Memos penned under the late, unlamented Bush administration authorizing the use of torture against people suspected of (but not convicted of) engaging in terrorism are making the rounds -- and political waves. The U.S. Department of Justice's Office of Professional Responsibility has recommended the government revisit past decisions against prosecuting Central Intelligence Agency personnel for their conduct during the interrogation of detainees. In response, Attorney General Eric Holder approved a preliminary review in the matter to determine if federal law was violated. The review, which will be led by Assistant United States Attorney John Durham, may lead to a full review, which may lead to prosecution.

So what's all the fuss about? How did those memos trigger such turmoil? Well, you can dig through the documents yourself, which include such highlights as the following fine words sent by Steven Bradbury, Acting Assistant Attorney General, OLC, to John A. Rizzo, General Counsel CIA, on May 10, 2005:

In Techniques, we concluded that the individual authorized' use of several specific interrogation techniques, subject to a variety of limitations and safeguards, would not violate the statute when employed in the interrogation of a specific member of al Qaeda, though we concluded that at least in certiain respects two of the techniques presented substantial questions under sections 2340-2340A. The techniques that we analyzed were dietary manipulation, nudity, the attention grasp, walling, the facial hold, the facial slap or insult sIap, the abdominal slap, cramped confinement, wall standing, stress positions, water dousing, extended sleep deprivation, and the "waterboard."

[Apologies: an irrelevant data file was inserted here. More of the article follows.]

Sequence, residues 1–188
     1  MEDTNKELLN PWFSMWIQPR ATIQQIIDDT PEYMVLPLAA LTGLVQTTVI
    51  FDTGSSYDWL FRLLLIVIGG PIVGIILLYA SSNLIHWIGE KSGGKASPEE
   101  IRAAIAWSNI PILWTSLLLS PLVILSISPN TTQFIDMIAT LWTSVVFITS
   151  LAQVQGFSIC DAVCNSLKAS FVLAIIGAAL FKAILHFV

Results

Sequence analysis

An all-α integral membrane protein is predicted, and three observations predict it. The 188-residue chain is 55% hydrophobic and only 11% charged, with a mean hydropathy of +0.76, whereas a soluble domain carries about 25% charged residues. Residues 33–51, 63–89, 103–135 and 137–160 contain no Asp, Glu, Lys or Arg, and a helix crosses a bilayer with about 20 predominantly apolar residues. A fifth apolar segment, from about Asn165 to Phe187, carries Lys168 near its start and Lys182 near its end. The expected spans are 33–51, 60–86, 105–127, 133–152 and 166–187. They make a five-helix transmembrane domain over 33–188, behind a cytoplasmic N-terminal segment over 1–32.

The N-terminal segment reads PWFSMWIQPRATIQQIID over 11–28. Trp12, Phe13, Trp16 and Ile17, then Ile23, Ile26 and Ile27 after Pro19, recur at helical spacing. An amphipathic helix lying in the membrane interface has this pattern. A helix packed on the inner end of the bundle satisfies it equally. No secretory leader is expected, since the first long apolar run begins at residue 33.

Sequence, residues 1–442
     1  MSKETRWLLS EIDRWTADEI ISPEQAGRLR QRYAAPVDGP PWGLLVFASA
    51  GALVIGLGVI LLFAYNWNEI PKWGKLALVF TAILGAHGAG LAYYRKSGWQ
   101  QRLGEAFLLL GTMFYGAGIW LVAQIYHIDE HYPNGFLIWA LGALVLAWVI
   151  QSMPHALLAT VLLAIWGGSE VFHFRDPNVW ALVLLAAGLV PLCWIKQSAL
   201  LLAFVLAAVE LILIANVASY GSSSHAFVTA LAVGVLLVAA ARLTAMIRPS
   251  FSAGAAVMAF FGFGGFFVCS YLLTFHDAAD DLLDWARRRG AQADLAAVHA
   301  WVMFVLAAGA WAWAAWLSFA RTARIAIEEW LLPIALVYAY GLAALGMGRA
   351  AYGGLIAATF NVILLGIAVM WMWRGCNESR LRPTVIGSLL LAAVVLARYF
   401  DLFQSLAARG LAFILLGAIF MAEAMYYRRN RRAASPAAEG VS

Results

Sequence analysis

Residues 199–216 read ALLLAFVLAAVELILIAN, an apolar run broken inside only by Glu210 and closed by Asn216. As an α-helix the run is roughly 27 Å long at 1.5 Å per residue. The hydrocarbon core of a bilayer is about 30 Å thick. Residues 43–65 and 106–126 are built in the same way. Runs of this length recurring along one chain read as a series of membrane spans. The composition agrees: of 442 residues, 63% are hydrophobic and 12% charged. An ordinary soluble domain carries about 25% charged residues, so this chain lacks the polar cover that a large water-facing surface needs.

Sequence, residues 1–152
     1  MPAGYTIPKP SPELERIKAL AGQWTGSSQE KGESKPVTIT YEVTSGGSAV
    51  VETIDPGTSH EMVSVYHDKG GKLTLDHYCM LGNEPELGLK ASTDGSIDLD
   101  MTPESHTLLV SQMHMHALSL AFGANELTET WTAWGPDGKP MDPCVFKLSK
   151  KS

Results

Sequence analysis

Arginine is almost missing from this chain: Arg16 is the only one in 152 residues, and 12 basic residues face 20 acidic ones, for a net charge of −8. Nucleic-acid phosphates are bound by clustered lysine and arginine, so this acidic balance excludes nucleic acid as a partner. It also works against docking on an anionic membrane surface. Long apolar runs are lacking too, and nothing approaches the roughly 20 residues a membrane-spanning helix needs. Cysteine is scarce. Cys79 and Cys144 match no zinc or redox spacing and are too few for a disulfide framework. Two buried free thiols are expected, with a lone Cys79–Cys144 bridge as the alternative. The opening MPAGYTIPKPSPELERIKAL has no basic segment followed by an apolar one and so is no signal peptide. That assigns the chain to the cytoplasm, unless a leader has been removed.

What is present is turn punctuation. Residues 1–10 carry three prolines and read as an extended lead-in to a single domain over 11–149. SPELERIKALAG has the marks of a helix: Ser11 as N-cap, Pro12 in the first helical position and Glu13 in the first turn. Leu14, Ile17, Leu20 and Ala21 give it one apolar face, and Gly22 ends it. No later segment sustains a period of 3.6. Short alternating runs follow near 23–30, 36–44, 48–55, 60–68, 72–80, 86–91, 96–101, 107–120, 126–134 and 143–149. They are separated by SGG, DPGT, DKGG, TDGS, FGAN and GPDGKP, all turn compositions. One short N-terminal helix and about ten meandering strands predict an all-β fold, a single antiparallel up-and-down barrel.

Or, if you want the short version, you can listen to excerpts read by narrators, including Oliver Stone, in the brief video below, which was prepared by the American Civil Liberties Union.


Thursday, August 20, 2009

Black protester is a ... white racist?

I'm a cynical bastard, but even I am thrown for a loop by MSNBC's white-facing of a black protester so that he can be presented as evidence of an armed, white, racist reaction to the election of Barack Obama as president.

If you're curious, the catalyst for MSNBC's hyperventilating fears of racism is Chris, seen below. I don't think he's a good candidate for a white hood.


Universities schooled about free speech

Late August is here, which means college students across the country are contemplating a return to bars, parties and -- oh yeah -- classes. As they arrive at campus, though, many of them are actually entering an environment where free speech and diversity of opinion are less respected than they are at home. Often disguised as harassment codes, free speech restrictions are alive and well at colleges and universities, and actually still have defenders in both the legal and academic communities.